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Anatomy of the skin; drawing shows the epidermis (including the squamous cell and basal cell layers), dermis, and subcutaneous tissue. Also shown are the hair shafts, hair follicles, oil glands, lymph vessels, nerves, fatty tissue, veins, arteries, and sweat glands. Skin Cancer

Skin cancer can occur anywhere on the body, but most commonly occurs in skin often exposed to sunlight.  E.g. the face, neck, and hands. It especially occurs in fair-skinned and fair-haired people, those who had freckles as a child and those who have blue eyes.

There are 3 main types of skin cancer, which all begin in the epidermis:

 

Causes of skin cancer

Excessive UV-B exposure from sunlight causes all three skin cancer types.

Excessive UV-A exposure from sunlight.    Now known to cause damage to proteins and lipids and DNA lesions by indirect (and possibly direct mechanisms),  leading to carcinogenesis (Including cutaneous malignant melanoma) and aging skin. Link

excessiveUVB exposure causes skin cancer, including cutaneous malignantand squamous cell carcinoma[3].  

Squamous cell carcinoma (SCC)

 Flat squamous cells form the outermost layer of the epidermis. Squamous cell carcinoma (SCC), a.k.a. "rat-bite" tumor, is diagnosed when these cells become abnormal and grow out of control. SCC sometimes develops from a precancerous skin growth called an actinic keratosis. SCC is usually seen as scaly red patches or open sores, which may crust and bleed. Characteristically it looks elevated with a central hole. Allowed to grow, it can be fatal.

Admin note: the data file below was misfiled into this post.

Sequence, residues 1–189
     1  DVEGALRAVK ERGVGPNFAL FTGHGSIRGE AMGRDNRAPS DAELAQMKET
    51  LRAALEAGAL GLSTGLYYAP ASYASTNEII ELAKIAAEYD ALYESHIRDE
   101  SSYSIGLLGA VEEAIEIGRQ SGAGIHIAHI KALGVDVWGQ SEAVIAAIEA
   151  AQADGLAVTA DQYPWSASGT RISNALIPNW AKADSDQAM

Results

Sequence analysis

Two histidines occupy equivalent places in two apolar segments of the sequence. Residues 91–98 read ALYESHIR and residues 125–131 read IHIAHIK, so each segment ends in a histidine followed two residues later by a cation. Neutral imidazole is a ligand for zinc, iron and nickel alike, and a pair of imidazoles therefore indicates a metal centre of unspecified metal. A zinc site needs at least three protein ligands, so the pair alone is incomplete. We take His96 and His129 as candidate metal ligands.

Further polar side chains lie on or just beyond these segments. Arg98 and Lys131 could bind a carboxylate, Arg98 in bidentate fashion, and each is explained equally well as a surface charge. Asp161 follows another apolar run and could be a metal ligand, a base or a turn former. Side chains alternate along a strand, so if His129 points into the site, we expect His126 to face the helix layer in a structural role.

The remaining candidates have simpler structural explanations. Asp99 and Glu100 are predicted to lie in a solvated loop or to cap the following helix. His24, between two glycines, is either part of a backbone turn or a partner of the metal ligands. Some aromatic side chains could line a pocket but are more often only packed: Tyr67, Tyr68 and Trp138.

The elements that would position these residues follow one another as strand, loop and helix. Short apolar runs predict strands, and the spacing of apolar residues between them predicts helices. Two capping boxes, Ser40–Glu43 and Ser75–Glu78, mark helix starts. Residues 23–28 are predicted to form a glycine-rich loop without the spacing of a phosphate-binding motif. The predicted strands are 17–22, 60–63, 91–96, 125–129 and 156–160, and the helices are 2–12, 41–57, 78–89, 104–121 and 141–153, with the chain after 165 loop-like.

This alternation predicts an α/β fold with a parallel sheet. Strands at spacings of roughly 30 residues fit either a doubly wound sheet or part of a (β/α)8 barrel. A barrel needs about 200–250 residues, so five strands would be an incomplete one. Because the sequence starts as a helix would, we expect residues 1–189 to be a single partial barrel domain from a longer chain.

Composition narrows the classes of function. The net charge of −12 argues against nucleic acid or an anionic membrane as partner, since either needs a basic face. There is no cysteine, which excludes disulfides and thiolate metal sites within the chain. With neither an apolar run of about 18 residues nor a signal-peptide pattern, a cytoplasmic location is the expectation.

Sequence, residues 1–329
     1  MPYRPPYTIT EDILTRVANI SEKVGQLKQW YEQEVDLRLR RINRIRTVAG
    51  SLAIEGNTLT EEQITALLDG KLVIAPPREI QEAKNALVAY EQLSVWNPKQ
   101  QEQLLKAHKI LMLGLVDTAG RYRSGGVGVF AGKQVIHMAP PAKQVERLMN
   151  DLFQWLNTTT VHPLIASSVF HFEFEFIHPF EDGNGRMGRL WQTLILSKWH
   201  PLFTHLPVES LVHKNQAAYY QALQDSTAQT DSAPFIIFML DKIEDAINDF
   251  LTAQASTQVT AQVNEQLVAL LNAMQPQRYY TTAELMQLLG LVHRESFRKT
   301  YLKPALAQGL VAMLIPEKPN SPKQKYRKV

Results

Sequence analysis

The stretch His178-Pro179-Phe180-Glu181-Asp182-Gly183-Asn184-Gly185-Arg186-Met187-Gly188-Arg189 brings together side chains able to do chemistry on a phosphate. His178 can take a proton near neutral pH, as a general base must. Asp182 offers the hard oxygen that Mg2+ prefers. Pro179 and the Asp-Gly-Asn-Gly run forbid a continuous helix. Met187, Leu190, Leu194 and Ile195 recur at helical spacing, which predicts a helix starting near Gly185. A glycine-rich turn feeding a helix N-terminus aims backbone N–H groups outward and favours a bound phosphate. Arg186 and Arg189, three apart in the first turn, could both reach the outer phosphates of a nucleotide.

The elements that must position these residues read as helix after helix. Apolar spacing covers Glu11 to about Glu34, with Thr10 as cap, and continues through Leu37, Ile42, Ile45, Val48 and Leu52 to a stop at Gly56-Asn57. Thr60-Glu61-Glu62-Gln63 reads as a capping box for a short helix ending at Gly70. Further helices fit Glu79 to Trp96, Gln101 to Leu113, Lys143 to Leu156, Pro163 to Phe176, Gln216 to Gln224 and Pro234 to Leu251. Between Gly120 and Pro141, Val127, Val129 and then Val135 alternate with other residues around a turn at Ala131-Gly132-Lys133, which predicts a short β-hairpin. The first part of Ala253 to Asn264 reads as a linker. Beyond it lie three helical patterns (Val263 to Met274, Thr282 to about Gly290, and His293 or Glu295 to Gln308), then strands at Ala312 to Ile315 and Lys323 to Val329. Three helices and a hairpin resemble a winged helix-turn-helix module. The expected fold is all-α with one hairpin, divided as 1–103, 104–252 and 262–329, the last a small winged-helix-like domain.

Bowens disease is a form of squamous cell cancer in situ.

 

Basal cell carcinoma (BCC)Basal Cell Carcinoma

Most common type of cancer in the U.S. and the most common skin cancer .  BCC is usually benign i.e. a relatively harmless skin cancer. Round basal cells reside under the squamous cells.  Typically looks like a red patch, scar, shiny bump, pink growth or an open sore, which can bleed, ooze or crust. Rarely spreads or metastasizes, but should not be ignored since it is more easily treated whilst small.

Cutaneous malignant melanoma

 In the lower epidermis, melanocytes produce melanin, the pigment that gives skin its color. Exposed to the sun, melanocyes make more pigment causing skin to darken.

Unrepaired DNA damages skin cells triggering mutations that cause skin cells to multiply rapidly and form malignant tumors.  Curable if detected early, but each year in the U.S. ~10,000 people die of this type of cancer.

These are the signs to look for when examining tumors, which may indicate melanoma:

Asymmetrical: a line drawn through the middle of a tumor produces relatively similar halves;

Border: irregular or jagged, not smooth or ragged

Multicolored: A combination of colors is usual, one color tumors are probably OK

Diameter > 1/4 inch:  non-malignant skin cancers tend to be smaller

Evolving: Changes in elevation, size, color, crusting, bleeding, itching, or anything else

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